WASHINGTON (CN) — The U.S. Supreme Court granted 14 cases Friday night, adding an additional 12 hours of argument to its calendar.
The court did not act on some of its pending election challenges, including one sent by President Donald Trump to the justices focused on law governing mail-in ballots. Justices did however beef up their calendar with a myriad of new cases.
The U.S. and the territory of Guam will battle before the justices over the responsibility of an $160 million environmental cleanup. In 1940, the U.S. Navy created a toxic waste disposal site without any environmental safeguards. When Guam was left holding the trash bag, it sought those costs under the Comprehensive Environmental Response, Compensation and Liability Act.
The D.C. Circuit said, however, that Guam’s claim was prevented by a specific section within the CERCLA, which has specific time restraints for intermediaries to file their challenges.
The court held then that section prevented Guam’s claims because of a decade-old consent decree between the countries, settling those claims under the Clean Water Act. Guam filed the lawsuit three years after that decree, so the country’s claims were prevented.
Another case that pits the city of San Antonio against Hotels.com will decide whether U.S. district courts have the ability to determine taxable costs when issuing judgments. The case involves a lawsuit by the city against Hotels.com for not paying an inordinate amount in hotel-occupancy taxes.
Two related cases over whether the government was wrong to deny federal Covid-19 relief funds to Alaska Native corporations made it onto the docket Friday.
In September, a panel for the D.C. Circuit found that Alaska Native corporations are not eligible to receive any of the $8 billion in federal coronavirus relief funding set aside for tribes under the CARES Act.
The ruling came after three separate tribes filed lawsuits contending that ANCs should not receive the aid allocated to recognized tribes because they are corporations.
The D.C. Circuit ruled that an Alaska Native corporation cannot qualify as an Indian tribe under the federal Indian Self-Determination and Education Assistance Act unless “recognized as eligible for the special programs and services provided by the United States to Indians because of their status as Indians.”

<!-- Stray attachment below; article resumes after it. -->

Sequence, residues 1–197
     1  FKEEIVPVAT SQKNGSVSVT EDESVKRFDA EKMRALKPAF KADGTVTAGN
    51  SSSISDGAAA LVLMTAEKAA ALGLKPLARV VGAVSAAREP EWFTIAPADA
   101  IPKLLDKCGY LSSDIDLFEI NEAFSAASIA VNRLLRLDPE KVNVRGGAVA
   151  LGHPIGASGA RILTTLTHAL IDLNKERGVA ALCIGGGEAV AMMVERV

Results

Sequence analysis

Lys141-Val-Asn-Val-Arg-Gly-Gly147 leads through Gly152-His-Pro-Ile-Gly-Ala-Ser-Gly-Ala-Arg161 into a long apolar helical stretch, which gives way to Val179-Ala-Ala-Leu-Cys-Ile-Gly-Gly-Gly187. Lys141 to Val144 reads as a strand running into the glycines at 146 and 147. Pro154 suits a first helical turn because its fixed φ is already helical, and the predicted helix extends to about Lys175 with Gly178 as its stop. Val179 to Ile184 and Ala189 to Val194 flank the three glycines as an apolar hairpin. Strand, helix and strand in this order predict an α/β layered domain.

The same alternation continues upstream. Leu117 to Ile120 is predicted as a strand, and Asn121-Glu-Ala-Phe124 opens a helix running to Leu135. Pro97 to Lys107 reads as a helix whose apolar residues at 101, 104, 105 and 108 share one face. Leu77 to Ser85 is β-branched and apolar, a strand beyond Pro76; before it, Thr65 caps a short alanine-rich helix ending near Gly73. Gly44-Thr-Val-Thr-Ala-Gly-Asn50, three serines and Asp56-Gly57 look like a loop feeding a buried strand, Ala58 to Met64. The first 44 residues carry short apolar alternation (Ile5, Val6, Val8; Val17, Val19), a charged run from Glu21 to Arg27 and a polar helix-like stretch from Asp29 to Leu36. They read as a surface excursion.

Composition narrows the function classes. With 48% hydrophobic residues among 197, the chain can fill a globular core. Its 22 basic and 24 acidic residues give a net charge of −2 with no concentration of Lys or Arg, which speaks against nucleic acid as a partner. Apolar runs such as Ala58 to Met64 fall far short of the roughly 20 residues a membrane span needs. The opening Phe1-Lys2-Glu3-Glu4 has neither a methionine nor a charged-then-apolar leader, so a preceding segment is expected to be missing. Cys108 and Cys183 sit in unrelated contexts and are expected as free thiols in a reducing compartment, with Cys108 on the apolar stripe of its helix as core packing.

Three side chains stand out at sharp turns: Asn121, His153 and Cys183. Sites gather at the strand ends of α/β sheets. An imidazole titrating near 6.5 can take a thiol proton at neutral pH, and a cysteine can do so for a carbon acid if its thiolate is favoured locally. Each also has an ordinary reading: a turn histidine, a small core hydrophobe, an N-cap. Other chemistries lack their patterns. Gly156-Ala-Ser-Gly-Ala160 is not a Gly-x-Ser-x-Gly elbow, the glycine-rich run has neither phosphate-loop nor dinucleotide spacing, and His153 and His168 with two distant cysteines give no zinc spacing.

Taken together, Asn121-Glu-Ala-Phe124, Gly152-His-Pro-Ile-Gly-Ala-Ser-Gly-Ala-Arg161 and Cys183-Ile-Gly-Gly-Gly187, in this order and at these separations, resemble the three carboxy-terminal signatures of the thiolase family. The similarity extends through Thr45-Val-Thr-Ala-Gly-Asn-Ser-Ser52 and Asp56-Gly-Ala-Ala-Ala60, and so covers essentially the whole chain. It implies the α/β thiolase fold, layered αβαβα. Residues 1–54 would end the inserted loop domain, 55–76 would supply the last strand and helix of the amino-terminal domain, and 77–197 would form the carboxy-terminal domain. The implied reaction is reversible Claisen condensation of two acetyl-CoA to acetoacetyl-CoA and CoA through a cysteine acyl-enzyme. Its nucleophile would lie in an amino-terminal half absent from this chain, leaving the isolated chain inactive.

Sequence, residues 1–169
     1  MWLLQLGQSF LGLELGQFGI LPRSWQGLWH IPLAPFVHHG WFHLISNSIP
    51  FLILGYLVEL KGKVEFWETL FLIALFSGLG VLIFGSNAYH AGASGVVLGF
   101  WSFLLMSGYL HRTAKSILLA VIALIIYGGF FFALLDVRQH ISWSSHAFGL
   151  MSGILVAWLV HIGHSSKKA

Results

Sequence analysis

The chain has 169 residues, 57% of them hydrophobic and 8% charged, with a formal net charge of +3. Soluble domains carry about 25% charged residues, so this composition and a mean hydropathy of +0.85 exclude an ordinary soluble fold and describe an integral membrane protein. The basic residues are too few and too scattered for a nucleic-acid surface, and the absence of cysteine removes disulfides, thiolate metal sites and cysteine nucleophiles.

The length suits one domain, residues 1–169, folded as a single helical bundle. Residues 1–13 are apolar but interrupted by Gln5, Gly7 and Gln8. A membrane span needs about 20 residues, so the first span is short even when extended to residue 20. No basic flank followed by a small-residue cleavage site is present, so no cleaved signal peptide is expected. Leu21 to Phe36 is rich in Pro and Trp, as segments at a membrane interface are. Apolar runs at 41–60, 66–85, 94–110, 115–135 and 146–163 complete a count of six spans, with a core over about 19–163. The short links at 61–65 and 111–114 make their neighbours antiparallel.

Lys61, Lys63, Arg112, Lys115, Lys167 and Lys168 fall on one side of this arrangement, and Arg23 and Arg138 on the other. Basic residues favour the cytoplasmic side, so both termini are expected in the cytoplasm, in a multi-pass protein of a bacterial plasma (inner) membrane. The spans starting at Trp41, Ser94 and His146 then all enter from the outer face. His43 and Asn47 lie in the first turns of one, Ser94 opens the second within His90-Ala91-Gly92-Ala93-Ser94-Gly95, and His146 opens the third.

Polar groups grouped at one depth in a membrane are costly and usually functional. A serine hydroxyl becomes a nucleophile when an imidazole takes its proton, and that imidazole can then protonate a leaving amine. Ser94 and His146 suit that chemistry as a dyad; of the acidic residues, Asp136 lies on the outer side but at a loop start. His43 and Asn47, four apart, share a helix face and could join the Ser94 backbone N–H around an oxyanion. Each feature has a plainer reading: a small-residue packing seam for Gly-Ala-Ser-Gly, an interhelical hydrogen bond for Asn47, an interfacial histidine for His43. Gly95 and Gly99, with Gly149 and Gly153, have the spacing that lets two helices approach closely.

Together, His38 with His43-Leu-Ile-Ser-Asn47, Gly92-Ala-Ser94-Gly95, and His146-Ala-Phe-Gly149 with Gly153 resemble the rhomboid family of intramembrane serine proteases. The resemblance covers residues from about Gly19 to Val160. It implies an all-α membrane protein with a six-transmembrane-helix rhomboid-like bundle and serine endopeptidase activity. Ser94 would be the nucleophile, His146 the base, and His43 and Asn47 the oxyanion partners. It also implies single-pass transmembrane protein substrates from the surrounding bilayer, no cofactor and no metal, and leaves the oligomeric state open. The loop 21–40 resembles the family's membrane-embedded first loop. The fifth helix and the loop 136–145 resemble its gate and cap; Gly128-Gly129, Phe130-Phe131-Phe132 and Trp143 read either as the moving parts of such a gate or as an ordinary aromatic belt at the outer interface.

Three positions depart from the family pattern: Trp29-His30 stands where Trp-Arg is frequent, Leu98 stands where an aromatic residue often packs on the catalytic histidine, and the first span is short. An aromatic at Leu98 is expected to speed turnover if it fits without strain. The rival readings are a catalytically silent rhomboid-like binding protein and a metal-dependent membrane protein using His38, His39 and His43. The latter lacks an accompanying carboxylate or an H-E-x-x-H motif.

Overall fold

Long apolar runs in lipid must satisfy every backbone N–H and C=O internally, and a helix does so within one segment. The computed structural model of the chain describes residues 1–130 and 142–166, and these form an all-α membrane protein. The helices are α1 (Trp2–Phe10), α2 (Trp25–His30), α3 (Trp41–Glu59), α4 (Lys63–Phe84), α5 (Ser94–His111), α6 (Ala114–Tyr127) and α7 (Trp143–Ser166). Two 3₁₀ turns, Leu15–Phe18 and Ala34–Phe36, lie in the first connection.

So far, none have been recognized as such by Congress.
The Alaska Native Village Corporation Association, which brought the underlying case against Treasury Secretary Steve Mnuchin, says that Congress did not intend to leave Alaska Native corporations out of its language when drafting the recognition rules.
Still, the lower circuit courts argued it did leave them out.
“In accepting that argument, the decision below upends the long-settled legal landscape and shatters the basic infrastructure of Native life in Alaska,” wrote attorneys representing the ANCs in the case, who are with the law firm Kirkland & Ellis LLP.
They urge that Native corporations are essential to the tribes they service.
In a similar petition granted on Friday by the Supreme Court, Secretary Mnuchin claims that the appellate court erred in concluding that an Alaska Native regional or village corporation does not qualify as an “Indian tribe.”
“Congress incorporated the ISDA definition to ensure that urgent coronavirus relief funds are available to ANCs for the benefit of their Alaska Native shareholders and the communities ANCs serve,” Mnuchin’s petition reads.
Justices also agreed on Friday to hear a First Amendment case brought by a cheerleader who was kicked off her high school team for posting profanities on social media while off-campus.
The Pennsylvania teen, referred to by the initials B.L., didn’t make the varsity cheerleading squad for the 2017-18 school year so she expressed her anger via the photo-sharing app Snapchat.